- $50,000, reduced by the excess (if any) of
- The highest outstanding balance of loans during the one-year period ending on the day before the date on which such loan was made, and
- The outstanding balance of loans on the date on which such loan was made
- The greater of
- half the present value of the vested accrued benefit
- half the present value of the vested accrued benefit
The $50,000 limit under Subsection (i) can be confusing because two amounts must be calculated when a participant has previous loans: the participant’s outstanding loan balance on the date of the new loan and the “highest outstanding balance” of loans during the one-year period. For example, if a participant had a loan balance of $35,000 at any time during the one-year period prior to the new loan, then the most that could be borrowed would be $15,000, even if that $35,000 loan had been completely paid off at the time of the second loan.
In the recent memorandum, the IRS addressed the question of what is the “highest outstanding balance” when there were two (or more) prior loans during the oneyear period. The IRS stated that the plan may choose to subtract from the $50,000 figure either (1) the highest single balance during the one-year period or (2) the highest balance of all prior loans taken during the one-year period.
Example: Bob borrows $30,000 in February and fully repays it in April. Bob takes out another $20,000 in May and fully repays it in July. Bob applies for a third loan in December. Over the one-year prior to the date of the third loan the “highest outstanding balance” would appear to be $30,000. However, because “highest outstanding balance” is ambiguous when two prior loans are involved, the IRS would allow a plan to add the two loan balances together ($30,000 + $20,000 = $50,000) to determine that no third loan is available.
In the example, the second interpretation generally reduces the ability of participants to take a third loan in a one-year period. Plans seeking to curb multiple plan loan borrowings may therefore want to consider using the second alternative.
Your UBS Financial Advisor can help you review your plan loan program, but to the extent an amendment may be necessary to clarify your intent, you will need to consult with your legal or other advisor.
The importance of internal controls
Having strong internal controls—business policies and procedures designed to detect and prevent errors—is essential for the proper administration of a qualified
retirement plan. According to the IRS, plan audits and voluntary correction submissions reveal that plans often lack adequate internal controls.28
Performing a self-audit
Your plan’s internal controls should include procedures for regularly reviewing your plan operations and updating your plan document. A self-audit of your plan may uncover weaknesses in your internal controls.
Generally, the key inquiries when conducting a self-audit are the following: (1) Who is responsible for a specific plan administration task? (2) Is it being completed correctly? and (3) Once identified, is a correction process being followed? Below are some more specific issues that a self-audit should cover.
- Eligibility. Verify that years of service were correctly calculated for purposes of eligibility. Confirm that the list of eligible employees is complete—e.g., it should include terminated employees who may have been eligible to contribute for part of the year, as well as any employees at a related company with common ownership who may be eligible for participation.
- Contributions. Are deposits being made according to strict DOL timing guidelines? Verify that the definitions of “compensation” used for allocations, deferrals and testing are consistent with what is provided in the plan document. Verify the correct amount of matching and nonelective contributions. Check that plan service providers received accurate compensation and ownership records. Check to make sure that annual contribution and compensation limits were observed. Compare salary deferral election forms with the amounts deducted from employees’ wages.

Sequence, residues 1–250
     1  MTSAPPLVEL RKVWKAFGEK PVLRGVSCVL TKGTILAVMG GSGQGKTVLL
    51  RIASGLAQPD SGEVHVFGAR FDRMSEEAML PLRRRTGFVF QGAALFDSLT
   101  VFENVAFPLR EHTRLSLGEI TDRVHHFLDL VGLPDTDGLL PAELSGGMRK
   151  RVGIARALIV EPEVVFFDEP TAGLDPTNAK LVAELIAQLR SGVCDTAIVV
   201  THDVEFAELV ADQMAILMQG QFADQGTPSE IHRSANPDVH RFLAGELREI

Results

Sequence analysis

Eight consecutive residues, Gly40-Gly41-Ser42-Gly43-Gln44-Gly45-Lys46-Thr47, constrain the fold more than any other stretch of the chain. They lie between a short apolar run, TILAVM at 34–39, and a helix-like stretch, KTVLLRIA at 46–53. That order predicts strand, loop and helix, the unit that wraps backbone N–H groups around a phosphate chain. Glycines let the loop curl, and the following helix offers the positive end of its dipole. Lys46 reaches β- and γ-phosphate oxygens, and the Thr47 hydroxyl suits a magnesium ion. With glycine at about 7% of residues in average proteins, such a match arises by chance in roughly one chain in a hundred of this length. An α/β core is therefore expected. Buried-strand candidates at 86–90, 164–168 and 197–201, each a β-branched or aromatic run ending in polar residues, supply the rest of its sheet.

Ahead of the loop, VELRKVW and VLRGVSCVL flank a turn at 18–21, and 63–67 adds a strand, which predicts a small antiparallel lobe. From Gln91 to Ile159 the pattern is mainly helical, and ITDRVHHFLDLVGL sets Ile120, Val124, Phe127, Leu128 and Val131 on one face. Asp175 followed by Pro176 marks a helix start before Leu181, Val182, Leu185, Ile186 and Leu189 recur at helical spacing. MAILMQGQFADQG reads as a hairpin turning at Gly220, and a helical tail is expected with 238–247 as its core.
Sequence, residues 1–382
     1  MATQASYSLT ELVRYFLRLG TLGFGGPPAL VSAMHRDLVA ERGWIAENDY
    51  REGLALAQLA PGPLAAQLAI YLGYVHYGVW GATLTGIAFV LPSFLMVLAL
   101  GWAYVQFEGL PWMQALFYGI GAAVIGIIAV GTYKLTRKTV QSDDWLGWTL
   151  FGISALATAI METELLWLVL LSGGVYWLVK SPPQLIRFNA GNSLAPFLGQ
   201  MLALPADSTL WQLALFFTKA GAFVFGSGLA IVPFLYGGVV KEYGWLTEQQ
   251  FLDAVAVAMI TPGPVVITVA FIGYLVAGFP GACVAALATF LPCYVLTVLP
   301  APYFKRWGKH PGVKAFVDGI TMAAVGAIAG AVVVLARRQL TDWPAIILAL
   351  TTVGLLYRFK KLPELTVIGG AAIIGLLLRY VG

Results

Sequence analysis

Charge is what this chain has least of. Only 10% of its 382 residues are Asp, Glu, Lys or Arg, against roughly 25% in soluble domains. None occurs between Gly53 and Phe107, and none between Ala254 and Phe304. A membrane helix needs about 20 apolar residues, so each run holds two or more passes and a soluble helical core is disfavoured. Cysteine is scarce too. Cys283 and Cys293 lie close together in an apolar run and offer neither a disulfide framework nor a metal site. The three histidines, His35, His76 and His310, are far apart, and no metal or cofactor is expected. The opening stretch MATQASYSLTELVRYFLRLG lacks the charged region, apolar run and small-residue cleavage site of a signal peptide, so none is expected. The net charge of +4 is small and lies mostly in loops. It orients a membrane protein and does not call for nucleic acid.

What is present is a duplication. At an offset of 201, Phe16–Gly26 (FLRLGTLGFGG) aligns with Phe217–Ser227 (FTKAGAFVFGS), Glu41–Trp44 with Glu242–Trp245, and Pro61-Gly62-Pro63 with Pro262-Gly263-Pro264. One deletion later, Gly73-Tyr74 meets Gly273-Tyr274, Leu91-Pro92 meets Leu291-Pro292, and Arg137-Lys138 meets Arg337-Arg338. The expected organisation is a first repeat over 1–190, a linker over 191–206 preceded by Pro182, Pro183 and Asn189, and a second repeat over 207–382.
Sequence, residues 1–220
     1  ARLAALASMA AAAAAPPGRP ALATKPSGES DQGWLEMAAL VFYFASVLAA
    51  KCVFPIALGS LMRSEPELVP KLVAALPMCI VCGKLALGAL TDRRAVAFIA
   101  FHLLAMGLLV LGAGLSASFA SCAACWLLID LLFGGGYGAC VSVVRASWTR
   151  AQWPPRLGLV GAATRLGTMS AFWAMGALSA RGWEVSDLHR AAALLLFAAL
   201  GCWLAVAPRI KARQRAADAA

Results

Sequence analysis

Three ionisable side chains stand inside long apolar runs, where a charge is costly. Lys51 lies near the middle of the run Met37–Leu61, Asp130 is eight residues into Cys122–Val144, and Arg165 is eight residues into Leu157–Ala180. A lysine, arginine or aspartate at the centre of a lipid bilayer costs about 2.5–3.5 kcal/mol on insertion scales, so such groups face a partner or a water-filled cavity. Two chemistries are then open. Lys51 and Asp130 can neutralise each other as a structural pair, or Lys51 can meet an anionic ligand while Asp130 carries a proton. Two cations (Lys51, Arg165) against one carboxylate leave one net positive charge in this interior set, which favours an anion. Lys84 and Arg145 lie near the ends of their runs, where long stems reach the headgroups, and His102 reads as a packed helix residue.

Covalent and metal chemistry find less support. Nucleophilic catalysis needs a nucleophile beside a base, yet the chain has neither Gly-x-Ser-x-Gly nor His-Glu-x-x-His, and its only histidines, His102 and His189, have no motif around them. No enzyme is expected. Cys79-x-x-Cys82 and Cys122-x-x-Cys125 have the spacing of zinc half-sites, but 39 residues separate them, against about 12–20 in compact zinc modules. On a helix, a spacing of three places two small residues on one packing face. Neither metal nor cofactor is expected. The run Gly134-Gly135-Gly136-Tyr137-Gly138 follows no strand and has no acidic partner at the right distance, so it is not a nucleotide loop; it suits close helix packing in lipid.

- Loans and distributions. If plan loans or hardship distributions are allowed, are such distributions made and approved in accordance with DOL and IRS requirements? Review in-service, termination and loan distribution forms to make sure they conform to your plan document. (Vendors will sometimes use the same form for different sponsors.) Verify marital status and spousal consent for plan distributions. Ensure participants and beneficiaries timely received their required minimum distributions (RMDs).
- Testing and administration. Has all annual testing been completed? Have highly compensated employees and key employees been properly identified? Are all applicable notices being distributed to participants? Have you properly verified the validity of rollover contributions? Verify that years of service were accurately determined for vesting.
The IRS identifies the failure to timely amend the plan as a common plan error.29 Frequently during plan audits, the employer is unable to locate the necessary documentation to prove that the plan was timely amended to conform to current law. If so, the employer will need to enter into an audit closing agreement under Audit CAP.
A few months before your plan year ends, ask your legal or other advisor if there are any legal or operational changes that will need to be in place for the coming year. If you change your plan document, make the corresponding change to the summary plan description and communicate the changes to plan participants.
Please contact your UBS Financial Advisor if you would like to discuss the effectiveness of your plan’s internal controls.
Understanding the EPCRS
The IRS allows plans to use the Employee Plans Compliance Resolution Systems (EPCRS) to remedy mistakes and avoid the consequences of plan disqualification. There are three methods of correction:
Self-Correction Program (SCP)—permits a plan sponsor to correct certain insignificant “operational” failures without contacting the IRS or paying a fee. The SCP is not available for problems with the plan documents (e.g., not updating it for changes in the law). The plan sponsor must be able to demonstrate that effective practices and procedures are in place to promote overall compliance with the law and to prevent the recurrence of the mistakes.30
Voluntary Correction Program (VCP)—permits a plan sponsor—at any time before audit—to pay a fee and receive IRS approval for correction of plan failures. The plan sponsor must propose changes to the plan’s administrative procedures to ensure that the mistakes do not recur.
Audit Closing Agreement Program (Audit CAP)—permits a plan sponsor to correct a plan failure while the plan is under audit and pay a negotiated sanction.31
If an audit is ultimately undertaken, the revenue agent begins by evaluating the plan’s internal controls to determine whether to conduct a focused or expanded
audit. The strength of the plan’s internal controls will help determine the amount of any sanction assessed under Audit CAP.32